Swimmer: Why Pools And Their Implications On 1960's Culture

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The Swimmer: Why pools and their implications on 1960’s culture The use of a swimming pool in the summertime can be seen as a mundane and everyday task, but John Cheever’s The Swimmer portrays, in a very brilliant way, the way on how a swimming pool can mean so much more than meets the eyes. In the story, Neddy Marill is a man depicted with vigor and youth with every stride, and one day, Neddy decides that he wants to make his way to his house through the existing pool system of the local resident that he was very good friends with everybody and believes this journey to be of the upmost importance. The day seems to be in peak of summer when the journey begins, but as Neddy makes his way through the neighborhood, the neighbors begin to be more hostile toward him, where they use to be nice and even offer him drinks, and Neddy begins to question his…show more content…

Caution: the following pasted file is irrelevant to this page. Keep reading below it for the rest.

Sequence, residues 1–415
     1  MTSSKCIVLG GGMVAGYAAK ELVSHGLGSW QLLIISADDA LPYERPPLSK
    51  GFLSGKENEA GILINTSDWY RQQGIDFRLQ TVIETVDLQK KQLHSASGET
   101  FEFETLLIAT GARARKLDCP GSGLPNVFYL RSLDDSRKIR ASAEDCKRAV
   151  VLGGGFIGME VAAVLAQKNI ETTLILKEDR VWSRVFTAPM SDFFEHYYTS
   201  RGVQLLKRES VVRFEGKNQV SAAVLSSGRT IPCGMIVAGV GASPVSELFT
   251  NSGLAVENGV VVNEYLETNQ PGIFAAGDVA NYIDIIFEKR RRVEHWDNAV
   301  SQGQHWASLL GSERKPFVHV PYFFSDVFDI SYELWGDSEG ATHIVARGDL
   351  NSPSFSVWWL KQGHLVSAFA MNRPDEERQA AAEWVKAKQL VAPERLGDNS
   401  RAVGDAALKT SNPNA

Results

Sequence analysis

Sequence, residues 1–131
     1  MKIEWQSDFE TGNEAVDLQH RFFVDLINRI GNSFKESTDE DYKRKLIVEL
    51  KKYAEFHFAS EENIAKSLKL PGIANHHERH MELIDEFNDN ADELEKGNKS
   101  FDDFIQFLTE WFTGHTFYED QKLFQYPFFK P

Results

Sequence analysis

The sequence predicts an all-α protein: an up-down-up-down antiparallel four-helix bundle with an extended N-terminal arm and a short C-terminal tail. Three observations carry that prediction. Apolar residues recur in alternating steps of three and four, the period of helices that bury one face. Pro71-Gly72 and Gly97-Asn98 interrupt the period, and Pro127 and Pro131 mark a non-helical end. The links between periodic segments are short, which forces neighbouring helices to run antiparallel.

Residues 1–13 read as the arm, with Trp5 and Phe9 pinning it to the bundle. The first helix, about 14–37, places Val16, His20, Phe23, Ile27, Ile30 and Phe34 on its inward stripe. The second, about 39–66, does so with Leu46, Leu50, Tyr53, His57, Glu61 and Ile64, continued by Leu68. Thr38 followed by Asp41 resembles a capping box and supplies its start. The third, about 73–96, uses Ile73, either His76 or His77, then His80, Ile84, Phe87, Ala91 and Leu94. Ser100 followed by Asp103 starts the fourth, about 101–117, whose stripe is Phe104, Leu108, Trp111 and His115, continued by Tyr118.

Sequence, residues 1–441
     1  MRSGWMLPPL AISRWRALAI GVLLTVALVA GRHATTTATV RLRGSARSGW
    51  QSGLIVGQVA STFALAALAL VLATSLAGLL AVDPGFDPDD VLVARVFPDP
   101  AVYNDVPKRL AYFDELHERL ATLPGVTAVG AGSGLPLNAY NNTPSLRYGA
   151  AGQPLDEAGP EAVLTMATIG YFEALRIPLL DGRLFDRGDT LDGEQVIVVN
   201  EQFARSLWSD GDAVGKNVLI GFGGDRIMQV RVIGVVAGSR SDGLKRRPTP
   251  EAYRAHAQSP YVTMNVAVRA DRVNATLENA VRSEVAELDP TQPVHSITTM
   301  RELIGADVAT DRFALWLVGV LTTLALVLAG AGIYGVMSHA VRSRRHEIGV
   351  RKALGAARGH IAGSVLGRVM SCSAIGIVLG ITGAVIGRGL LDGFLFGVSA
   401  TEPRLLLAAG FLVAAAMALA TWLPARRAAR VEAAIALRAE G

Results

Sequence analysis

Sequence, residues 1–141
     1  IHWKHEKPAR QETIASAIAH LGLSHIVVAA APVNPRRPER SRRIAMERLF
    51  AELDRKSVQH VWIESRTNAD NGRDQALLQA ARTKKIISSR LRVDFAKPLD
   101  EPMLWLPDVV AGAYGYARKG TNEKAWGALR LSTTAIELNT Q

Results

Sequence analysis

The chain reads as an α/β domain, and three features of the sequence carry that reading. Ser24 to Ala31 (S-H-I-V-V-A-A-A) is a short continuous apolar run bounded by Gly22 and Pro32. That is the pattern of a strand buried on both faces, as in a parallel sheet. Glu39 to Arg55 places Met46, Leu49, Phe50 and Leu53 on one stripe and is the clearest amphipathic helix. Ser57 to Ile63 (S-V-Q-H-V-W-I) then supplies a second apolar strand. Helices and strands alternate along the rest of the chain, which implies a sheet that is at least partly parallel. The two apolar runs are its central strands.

As the story progresses, things begin to become more bleak and somber as Neddy begins to grow fatigued and struggles to finish the journey he started, and throughout the story Neddy grows thirsty, not for water but for alcohol. After all the tribulation to get home, Neddy finally arrives home, cold and weak, only to find it in disarray and abandoned, and leaving the reader to interpret how much time has passed. The swimmer is an excellent example of how Cheever depicts the American middle class alcoholism and its symbolic implications throughout the story. In light of Cheever’s The swimmer, Cheever tells the story in how contemporary American Middle Class is depicted in the story and how it is symbolism for the effects of alcoholism in family, social life, and the effect on one’s self. Primarily, Cheever explores how the pool may
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